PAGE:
ABOARD THE USS WASP (Reuters) - Nearly two weeks of testing of Lockheed Martin Corp’s F-35B fighter jet on an amphibious assault carrier proved the stealthy new warplane can operate and be serviced at sea, U.S. and UK officials said this week, marking another step toward the jet’s readiness for initial combat use by the Marine Corps.
Six F-35 B-model jets, which can take off from shorter runways and land like a helicopter, completed 98 separate flights, logging 73.1 flight hours, on the USS Wasp from May 18 to May 26, said Marine Corps spokesman Major Paul Greenberg.
The jets were due to wrap up a final day of flight tests on Wednesday from the ship, which is operating about 100 miles off the coast of North Carolina, officials said. Maintainers working on the jets will wrap up their work on Friday, they said.
Lieutenant General Jon Davis, the top Marine in charge of aviation, told reporters on the ship that the testing showed “the airplane is right at home at sea.” The reporters were ferried to and from the Wasp on Tuesday while it was conducting tests at sea.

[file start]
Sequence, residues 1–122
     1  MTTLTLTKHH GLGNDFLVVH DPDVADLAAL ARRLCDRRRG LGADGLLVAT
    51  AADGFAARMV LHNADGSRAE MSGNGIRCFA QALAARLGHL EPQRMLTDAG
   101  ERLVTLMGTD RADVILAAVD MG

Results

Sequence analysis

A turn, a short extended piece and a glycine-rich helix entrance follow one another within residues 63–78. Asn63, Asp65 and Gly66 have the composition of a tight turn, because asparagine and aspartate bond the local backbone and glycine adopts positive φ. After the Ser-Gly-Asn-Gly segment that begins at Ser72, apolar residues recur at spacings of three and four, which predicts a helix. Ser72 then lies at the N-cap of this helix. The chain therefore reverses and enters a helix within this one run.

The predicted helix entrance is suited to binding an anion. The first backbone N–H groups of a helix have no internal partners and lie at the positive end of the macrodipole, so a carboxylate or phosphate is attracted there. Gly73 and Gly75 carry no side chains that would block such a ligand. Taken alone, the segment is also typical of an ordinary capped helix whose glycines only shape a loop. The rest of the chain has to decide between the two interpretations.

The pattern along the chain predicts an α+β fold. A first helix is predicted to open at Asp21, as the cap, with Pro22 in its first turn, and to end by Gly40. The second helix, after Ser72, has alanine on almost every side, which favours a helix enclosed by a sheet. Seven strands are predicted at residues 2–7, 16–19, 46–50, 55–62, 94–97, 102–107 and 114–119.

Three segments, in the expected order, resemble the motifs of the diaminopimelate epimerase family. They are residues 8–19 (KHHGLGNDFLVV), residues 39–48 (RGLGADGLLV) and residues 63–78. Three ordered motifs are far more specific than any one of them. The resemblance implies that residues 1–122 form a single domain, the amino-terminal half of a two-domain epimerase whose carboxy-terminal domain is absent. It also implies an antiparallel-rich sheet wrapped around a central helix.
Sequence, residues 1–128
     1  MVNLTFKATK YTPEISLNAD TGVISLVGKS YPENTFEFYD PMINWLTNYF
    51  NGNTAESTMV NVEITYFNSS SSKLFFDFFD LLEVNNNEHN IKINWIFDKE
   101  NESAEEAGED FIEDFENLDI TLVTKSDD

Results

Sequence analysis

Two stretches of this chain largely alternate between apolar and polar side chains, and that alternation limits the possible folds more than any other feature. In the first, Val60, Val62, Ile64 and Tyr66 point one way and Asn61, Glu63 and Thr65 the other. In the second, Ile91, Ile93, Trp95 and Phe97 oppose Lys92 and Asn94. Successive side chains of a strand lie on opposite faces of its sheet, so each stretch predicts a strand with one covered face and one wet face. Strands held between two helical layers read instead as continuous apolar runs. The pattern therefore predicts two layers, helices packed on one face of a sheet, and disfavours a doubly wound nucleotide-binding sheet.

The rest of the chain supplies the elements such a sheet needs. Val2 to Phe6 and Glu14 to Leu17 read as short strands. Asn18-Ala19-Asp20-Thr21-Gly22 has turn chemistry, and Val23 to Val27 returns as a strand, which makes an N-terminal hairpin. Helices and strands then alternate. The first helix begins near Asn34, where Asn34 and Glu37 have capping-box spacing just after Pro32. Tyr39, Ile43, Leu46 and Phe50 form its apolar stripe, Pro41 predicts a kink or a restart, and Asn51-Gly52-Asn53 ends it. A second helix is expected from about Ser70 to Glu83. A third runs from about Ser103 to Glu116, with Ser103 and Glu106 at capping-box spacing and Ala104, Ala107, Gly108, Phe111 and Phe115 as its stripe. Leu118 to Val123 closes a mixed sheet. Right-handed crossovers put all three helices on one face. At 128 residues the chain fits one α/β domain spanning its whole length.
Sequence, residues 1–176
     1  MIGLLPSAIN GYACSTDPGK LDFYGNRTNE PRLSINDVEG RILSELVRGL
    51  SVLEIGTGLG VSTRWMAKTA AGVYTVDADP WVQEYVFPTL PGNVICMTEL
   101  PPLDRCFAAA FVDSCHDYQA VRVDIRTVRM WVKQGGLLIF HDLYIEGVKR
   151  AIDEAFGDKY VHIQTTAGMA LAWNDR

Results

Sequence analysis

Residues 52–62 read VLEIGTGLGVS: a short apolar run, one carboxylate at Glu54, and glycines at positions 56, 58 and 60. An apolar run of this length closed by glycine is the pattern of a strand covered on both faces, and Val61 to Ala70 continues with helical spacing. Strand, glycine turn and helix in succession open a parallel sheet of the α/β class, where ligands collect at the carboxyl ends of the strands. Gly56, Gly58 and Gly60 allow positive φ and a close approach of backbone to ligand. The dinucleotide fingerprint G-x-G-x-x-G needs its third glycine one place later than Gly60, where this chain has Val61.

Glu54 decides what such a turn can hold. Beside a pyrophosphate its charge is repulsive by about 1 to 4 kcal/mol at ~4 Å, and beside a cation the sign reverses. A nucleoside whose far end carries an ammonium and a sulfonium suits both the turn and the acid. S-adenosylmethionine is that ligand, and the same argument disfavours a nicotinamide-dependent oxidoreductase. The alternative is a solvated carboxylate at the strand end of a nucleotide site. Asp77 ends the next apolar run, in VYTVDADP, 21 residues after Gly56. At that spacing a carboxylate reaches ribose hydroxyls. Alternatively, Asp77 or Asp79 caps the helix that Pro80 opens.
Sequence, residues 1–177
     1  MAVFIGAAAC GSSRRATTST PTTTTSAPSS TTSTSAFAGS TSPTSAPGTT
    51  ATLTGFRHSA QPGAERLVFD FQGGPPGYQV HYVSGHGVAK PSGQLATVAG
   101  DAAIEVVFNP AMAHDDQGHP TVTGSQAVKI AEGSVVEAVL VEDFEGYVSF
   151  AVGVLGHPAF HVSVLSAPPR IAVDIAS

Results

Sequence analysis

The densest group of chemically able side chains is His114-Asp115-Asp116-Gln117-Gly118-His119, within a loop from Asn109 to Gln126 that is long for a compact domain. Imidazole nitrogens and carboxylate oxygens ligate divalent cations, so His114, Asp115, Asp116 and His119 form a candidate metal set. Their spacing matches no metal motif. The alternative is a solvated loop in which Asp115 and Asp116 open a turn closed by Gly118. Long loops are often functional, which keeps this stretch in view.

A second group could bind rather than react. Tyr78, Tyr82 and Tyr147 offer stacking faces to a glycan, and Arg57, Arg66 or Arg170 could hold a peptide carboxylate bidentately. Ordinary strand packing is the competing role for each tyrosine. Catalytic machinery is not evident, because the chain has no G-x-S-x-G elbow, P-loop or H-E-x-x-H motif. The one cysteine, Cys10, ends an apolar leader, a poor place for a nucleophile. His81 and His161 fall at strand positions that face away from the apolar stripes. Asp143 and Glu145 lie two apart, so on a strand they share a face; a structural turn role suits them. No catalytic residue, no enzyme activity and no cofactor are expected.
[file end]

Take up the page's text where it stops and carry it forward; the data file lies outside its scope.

Davis said the new jets would expand the U.S. military’s ability to respond to crises, since it will allow Marines for the first time to fly stealthy jets off warships.
Davis, who will attend meetings in Norway this week with the major companies and countries involved in the $391 billion weapons program, said the Marines remained on track to declare an initial squadron of 10 jets ready for combat use in July.
He said work was still under way to retrofit those initial jets, and some changes in ship maintenance procedures would be made after the operational testing, but “no showstoppers” had emerged to derail the planned declaration around July 15.
One F-35B jet had to fly back to shore after a landing gear warning signal came on after takeoff, but it was replaced by another jet standing by at a North Carolina Marine Corps base, officials said. They called the incident minor.
Major Mike Rountree, a Marine Corps pilot, said the jet was easier to fly than the AV-8B Harrier, and he was “a lot less terrified” to carry out a night landing in the F-35B.
Reporting by Andrea Shalal; Editing by Phil Berlowitz